These employers can bargain to get the agreements set as per the company or industry level.
Minimum wage requirements in Italy
The Italian government has not set any statutory minimum wage. The minimum wage is usually determined as per the standards of each particular sector.
Each sector will determine the basic pay in relevant national collective agreements (NCAs). The average minimum wage per month in Italy is around $2255.28.
Severance pay in Italy
Employees in Italy are entitled to get severance pay, whether the employer terminates them for a justifiable reason or they resign. The employers keep some amount of the salary to pay for the severance to an employee.
Termination is a very tricky matter in various countries around the globe — and that goes double for countries such as Italy where employees are entitled to severance.
With Skuad’s help, we can ensure that you deal with the termination matter as per the country-specific requirements.
Italy payroll taxes and deduction
Taxes can be a minefield in any country — even more so in those where you’re unfamiliar with the taxation system. Here’s a brief rundown of taxation in Italy.
Italian individual income tax is called L'Imposta sul reddito delle persone fisiche, or IRPEF. Tax rates are progressive and range from 23% to 43%.
The current tax brackets are as follows:
- Income Up to €15,000 is subject to a tax rate of 23%
- Income from €15,001 to €28,000 is subject to a tax rate of 27%
- Income from €28,001 to €55,000 is subject to a tax rate of 38%
- Income from €55,001 to €75,000 is subject to a tax rate of 41%
- Income above €75,000 is subject to a tax rate of 43%
In addition, the municipalities and regions will also have an income tax, with the rates of 0.9% and 2.03% respectively. As per the Italian payrolls, you need to report all the tax and social security contributions in the Certificazione Unica dei Redditi (CUD).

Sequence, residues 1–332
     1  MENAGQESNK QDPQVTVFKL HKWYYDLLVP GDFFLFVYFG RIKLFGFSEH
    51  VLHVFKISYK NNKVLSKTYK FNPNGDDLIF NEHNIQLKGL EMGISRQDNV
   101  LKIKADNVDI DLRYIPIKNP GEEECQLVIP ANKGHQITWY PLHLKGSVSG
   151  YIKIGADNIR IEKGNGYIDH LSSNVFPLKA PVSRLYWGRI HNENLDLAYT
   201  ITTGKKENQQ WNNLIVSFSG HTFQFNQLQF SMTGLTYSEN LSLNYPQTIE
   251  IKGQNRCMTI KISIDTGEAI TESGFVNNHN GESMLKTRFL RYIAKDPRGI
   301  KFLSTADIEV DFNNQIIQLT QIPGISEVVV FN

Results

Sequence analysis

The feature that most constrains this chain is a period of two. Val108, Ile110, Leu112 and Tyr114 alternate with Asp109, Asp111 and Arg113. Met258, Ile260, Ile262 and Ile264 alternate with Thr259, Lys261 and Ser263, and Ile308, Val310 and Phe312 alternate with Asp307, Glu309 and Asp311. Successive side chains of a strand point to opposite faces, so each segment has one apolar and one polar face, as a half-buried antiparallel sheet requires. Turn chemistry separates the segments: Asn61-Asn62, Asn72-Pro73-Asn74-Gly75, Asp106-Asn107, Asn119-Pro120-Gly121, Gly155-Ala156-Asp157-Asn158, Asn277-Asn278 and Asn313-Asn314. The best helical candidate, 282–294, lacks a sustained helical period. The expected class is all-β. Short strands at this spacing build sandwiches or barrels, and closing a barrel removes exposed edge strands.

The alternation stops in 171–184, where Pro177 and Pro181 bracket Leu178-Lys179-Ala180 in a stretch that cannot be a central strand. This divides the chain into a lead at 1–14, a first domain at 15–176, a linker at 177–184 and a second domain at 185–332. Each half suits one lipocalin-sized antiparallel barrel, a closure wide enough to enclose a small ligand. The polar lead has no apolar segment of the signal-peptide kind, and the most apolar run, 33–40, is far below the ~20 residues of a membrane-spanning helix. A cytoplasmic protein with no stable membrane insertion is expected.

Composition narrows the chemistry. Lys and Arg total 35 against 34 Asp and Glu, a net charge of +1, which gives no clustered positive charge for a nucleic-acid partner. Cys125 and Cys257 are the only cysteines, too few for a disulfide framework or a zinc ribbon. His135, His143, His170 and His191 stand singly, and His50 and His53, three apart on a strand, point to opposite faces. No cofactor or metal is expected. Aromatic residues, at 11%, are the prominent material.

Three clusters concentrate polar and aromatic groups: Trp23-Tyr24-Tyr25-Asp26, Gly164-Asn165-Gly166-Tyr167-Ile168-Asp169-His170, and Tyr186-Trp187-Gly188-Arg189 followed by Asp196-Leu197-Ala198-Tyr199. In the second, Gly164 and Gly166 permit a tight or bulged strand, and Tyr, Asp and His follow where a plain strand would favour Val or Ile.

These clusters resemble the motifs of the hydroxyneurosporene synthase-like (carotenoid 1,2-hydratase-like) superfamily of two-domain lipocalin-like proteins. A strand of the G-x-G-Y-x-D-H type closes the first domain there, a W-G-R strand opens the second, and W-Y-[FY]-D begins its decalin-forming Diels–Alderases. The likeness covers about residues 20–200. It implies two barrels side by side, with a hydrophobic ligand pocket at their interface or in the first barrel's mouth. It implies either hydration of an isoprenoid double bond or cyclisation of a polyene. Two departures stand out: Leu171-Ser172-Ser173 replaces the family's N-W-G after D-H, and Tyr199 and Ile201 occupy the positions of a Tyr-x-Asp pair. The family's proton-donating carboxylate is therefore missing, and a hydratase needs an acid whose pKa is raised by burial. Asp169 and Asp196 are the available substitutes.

Another crucial tax that both employees and employers contribute is the social taxes.
This is a vital tax to fund social benefit programs for the employees. It includes the following taxes and benefits you will have to pay for along with your employee:
Pension, disability, and survivors benefits
The employees will have to pay 19%, while the employers will pay 23.81%
The employees will not contribute, while the employers will pay 2.22% to 2.44%
The employees will not contribute, while the employers will pay 0.46% to 0.24%
The employees will not contribute, while the employers will pay 0.04% to 1.3%, depending on the assessed extent of the injuries
The employees will not contribute, while the employers will pay 1.61%
The employees will not contribute, while the employers will pay 0.68%
The top management and the employers will have to make regular contributions to the health care funds and the supplementary pension funds, too.
Now don’t worry, while the Italian taxation system seems complicated, that’s where we come in. Talk to one of the Skuad team today to learn how we can help with your international payroll.
Employee leave entitlement in Italy
There are 12 national public holidays each year in Italy that will need to be factored into employment contracts.
01 Jan 2024, Monday- New Year's Day